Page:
F or the last couple of days I’ve been supervising a video shoot for a client hospital in Massachusetts. We do this kind of thing all the time. We fly into a market with our video crew, spend an afternoon setting up for the shoot, and then spend several days shooting 10 to 12 physicians per day. I typically conduct the physician on-camera interviews because I enjoy the interaction with the physicians – and I love the challenge involved in getting them to relax on camera, allowing their personalities to shine in a way that will make them relatable and interesting. While we have the doctors captive, we also shoot still photography that can be used in promotional materials and in digital applications. Here’s an example of the type of videos we’re producing:
After leaving home at 5am on Tuesday to catch an early flight, we arrived at the client’s facility at 1pm and began setting up for the shoot. The crew and my team left the hospital at 10pm Tuesday night and we had a very late dinner. The security people at the hospital promised to meet us at 5am the following day to let us back into the facility where we would be shooting. Everything was proceeding according to schedule. (Famous last words.)
Wednesday morning arrived with a 4:30am wake-up call. After a quick stop at Starbucks, the crew headed to the hospital to prepare for our first physician of the day who was scheduled to arrive for hair and makeup at 6am. When we arrived at the facility, the building was open but the rooms with our equipment were locked and there was no security person to be found. It was nearly 6am before we found a security person who could unlock the rooms.
That meant that we were starting the day at least 40 minutes behind schedule and we had doctors stacked up. Waiting. Anxious. Not a good start.
By 6:40 am we were shooting our first physician of the day. (Our second physician had already arrived and number three was on the way.) That’s when the craziness started. Typically, there’s not a lot of noise at 6:30 in the morning. However, because it had been raining for days, the landscaping crew was getting an early start to try to catch up on lawn maintenance. We had loud mowers and trimmers running right outside the room where we were shooting. The noise made it impossible to film, and we attempted to have the workers go elsewhere for the day. However, they weren’t sensitive to our plight and continued on with the mowing. So, we were forced to shut down for another 20 minutes, putting us further behind schedule. Meanwhile, more physicians were arriving for the dreaded video session. (This is not something most physicians look forward to.)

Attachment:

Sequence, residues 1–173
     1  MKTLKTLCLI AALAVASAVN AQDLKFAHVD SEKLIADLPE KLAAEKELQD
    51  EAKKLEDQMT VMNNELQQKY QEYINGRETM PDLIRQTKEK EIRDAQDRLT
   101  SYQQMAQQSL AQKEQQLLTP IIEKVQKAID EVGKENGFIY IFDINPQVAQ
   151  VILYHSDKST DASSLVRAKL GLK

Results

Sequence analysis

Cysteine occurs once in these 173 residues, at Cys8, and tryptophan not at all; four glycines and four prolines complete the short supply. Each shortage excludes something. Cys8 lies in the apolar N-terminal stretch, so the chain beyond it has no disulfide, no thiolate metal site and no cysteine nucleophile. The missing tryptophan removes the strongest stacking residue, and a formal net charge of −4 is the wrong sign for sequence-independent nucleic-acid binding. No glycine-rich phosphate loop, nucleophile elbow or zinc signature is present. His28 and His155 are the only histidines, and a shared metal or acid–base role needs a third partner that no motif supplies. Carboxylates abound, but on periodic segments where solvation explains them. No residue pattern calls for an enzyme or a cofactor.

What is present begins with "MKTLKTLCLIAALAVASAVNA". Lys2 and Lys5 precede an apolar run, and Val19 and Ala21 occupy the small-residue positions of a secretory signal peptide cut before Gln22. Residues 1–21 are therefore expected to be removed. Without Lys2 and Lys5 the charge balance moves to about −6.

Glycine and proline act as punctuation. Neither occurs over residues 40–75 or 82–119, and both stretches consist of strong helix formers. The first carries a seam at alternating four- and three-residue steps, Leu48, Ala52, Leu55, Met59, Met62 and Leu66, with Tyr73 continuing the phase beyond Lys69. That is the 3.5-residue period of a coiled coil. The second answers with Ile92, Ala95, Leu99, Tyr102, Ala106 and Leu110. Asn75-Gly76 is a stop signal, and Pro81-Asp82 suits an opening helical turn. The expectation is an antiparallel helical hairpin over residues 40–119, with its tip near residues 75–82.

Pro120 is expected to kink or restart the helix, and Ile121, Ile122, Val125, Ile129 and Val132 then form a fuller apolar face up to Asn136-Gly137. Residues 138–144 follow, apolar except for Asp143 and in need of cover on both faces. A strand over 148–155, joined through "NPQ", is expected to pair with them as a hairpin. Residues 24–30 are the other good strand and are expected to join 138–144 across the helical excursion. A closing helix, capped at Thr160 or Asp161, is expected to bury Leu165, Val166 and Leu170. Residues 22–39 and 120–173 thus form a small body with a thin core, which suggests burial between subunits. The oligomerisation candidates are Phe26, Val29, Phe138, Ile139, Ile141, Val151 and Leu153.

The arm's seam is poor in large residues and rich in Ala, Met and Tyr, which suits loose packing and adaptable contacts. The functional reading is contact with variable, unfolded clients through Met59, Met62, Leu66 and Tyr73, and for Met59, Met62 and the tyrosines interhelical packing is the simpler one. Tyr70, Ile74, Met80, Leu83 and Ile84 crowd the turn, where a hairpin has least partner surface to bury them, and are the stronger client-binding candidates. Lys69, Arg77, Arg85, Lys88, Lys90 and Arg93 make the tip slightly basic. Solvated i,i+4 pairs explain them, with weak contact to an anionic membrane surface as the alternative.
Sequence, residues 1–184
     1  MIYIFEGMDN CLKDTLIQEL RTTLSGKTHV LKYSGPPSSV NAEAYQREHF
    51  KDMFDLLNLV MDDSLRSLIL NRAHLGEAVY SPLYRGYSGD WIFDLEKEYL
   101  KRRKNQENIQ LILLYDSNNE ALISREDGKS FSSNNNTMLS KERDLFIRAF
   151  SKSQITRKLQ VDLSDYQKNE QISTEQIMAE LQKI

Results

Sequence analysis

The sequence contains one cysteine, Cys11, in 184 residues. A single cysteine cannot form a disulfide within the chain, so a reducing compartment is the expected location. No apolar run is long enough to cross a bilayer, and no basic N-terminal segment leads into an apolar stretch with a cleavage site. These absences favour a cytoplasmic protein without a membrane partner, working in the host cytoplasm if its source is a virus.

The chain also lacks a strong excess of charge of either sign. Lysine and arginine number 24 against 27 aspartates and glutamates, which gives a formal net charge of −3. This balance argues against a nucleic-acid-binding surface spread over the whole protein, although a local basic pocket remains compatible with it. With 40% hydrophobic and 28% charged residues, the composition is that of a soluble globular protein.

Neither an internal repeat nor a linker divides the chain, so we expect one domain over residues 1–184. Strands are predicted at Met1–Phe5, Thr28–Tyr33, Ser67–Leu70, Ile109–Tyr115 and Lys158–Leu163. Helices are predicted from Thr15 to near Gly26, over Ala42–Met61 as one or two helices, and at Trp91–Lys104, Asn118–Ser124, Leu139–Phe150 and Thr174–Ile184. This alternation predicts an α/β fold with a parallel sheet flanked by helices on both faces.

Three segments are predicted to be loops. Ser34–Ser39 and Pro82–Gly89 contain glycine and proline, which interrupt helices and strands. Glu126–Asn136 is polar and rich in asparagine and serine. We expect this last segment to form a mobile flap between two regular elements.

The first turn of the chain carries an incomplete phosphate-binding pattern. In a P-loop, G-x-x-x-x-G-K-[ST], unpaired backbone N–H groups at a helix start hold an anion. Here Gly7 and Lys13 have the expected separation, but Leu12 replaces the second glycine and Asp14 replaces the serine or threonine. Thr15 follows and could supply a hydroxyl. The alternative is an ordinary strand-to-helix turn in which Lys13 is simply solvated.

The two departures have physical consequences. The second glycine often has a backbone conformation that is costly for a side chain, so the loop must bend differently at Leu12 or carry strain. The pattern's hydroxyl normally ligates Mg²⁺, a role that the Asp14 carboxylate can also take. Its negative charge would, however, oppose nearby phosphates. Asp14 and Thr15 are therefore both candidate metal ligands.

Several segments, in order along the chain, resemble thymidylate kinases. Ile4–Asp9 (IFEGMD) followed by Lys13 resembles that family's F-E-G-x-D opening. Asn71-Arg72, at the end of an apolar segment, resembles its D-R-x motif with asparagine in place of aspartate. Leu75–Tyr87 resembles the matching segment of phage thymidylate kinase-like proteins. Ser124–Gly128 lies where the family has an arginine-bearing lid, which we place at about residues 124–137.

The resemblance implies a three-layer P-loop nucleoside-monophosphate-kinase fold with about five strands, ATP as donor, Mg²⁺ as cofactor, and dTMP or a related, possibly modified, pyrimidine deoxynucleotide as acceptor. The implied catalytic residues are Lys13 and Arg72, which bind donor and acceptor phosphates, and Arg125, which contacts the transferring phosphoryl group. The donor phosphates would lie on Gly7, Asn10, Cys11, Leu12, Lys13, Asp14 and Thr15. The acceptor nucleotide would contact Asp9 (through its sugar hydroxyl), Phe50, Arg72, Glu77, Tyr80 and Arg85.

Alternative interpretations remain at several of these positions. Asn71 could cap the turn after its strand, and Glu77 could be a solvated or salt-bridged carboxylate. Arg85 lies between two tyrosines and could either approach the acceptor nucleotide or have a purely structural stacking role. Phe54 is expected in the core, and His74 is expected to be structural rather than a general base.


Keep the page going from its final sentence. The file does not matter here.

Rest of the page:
At 8am we were hard at work interviewing our third physician of the day when we suddenly heard the sound of heavy machinery. We stopped what we were doing and looked out the window. There it was. A big yellow backhoe digging a huge hole in the yard of our building. They chose this moment in time to dig this hole! We managed to get the operator of the backhoe to stop what he was doing and agree to come back later in the day when we were on break. Then we resumed work recording the physician videos. About an hour later we were interrupted yet again, this time by a large dump truck that was there to deliver a truck load of gravel to be used by the guys with the backhoe. Throughout the morning the interruptions continued. But we carried on.
And that’s the way our day unfolded. In the end, we captured some great video footage and took some amazing still photos. We recorded ten physicians and one patient between 6:40am and 7:30pm when we finally wrapped for the night. Then I raced off to have dinner with a client. I finally made it back to my hotel by 10pm.
My hope is that we’ll get off to a much smoother start on Thursday morning. We’ve got eleven physicians and two patients scheduled for the day. After a total of 10 hours of sleep across the last three nights, I can’t wait! My enthusiasm has not waned. Bring on the physicians.
Here are some shots that I took with my iPhone during the shoot: